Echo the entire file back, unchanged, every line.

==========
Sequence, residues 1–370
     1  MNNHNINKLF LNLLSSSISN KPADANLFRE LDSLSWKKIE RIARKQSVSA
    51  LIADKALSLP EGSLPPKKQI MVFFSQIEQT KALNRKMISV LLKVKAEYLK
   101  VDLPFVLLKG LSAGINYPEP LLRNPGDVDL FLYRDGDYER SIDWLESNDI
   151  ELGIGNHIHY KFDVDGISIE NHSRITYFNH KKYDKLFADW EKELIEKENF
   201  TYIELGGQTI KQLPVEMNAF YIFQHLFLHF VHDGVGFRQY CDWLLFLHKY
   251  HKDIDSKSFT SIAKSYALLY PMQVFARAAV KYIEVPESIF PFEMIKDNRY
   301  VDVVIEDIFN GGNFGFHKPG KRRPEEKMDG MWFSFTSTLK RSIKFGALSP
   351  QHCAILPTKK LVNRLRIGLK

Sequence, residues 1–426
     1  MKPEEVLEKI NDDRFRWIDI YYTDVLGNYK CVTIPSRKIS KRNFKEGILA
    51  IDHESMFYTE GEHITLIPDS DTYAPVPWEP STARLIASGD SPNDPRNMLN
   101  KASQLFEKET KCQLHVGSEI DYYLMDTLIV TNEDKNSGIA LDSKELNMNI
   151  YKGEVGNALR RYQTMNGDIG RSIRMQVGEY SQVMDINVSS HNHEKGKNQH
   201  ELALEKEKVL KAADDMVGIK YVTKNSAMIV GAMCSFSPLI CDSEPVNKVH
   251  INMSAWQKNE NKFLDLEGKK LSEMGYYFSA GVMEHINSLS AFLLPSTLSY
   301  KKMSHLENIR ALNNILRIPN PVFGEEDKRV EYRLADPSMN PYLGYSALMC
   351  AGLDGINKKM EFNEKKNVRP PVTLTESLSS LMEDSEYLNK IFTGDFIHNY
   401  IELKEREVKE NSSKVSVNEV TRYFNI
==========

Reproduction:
Sequence, residues 1–370
     1  MNNHNINKLF LNLLSSSISN KPADANLFRE LDSLSWKKIE RIARKQSVSA
    51  LIADKALSLP EGSLPPKKQI MVFFSQIEQT KALNRKMISV LLKVKAEYLK
   101  VDLPFVLLKG LSAGINYPEP LLRNPGDVDL FLYRDGDYER SIDWLESNDI
   151  ELGIGNHIHY KFDVDGISIE NHSRITYFNH KKYDKLFADW EKELIEKENF
   201  TYIELGGQTI KQLPVEMNAF YIFQHLFLHF VHDGVGFRQY CDWLLFLHKY
   251  HKDIDSKSFT SIAKSYALLY PMQVFARAAV KYIEVPESIF PFEMIKDNRY
   301  VDVVIEDIFN GGNFGFHKPG KRRPEEKMDG MWFSFTSTLK RSIKFGALSP
   351  QHCAILPTKK LVNRLRIGLK

Sequence, residues 1–426
     1  MKPEEVLEKI NDDRFRWIDI YYTDVLGNYK CVTIPSRKIS KRNFKEGILA
    51  IDHESMFYTE GEHITLIPDS DTYAPVPWEP STARLIASGD SPNDPRNMLN
   101  KASQLFEKET KCQLHVGSEI DYYLMDTLIV TNEDKNSGIA LDSKELNMNI
   151  YKGEVGNALR RYQTMNGDIG RSIRMQVGEY SQVMDINVSS HNHEKGKNQH
   201  ELALEKEKVL KAADDMVGIK YVTKNSAMIV GAMCSFSPLI CDSEPVNKVH
   251  INMSAWQKNE NKFLDLEGKK LSEMGYYFSA GVMEHINSLS AFLLPSTLSY
   301  KKMSHLENIR ALNNILRIPN PVFGEEDKRV EYRLADPSMN PYLGYSALMC
   351  AGLDGINKKM EFNEKKNVRP PVTLTESLSS LMEDSEYLNK IFTGDFIHNY
   401  IELKEREVKE NSSKVSVNEV TRYFNI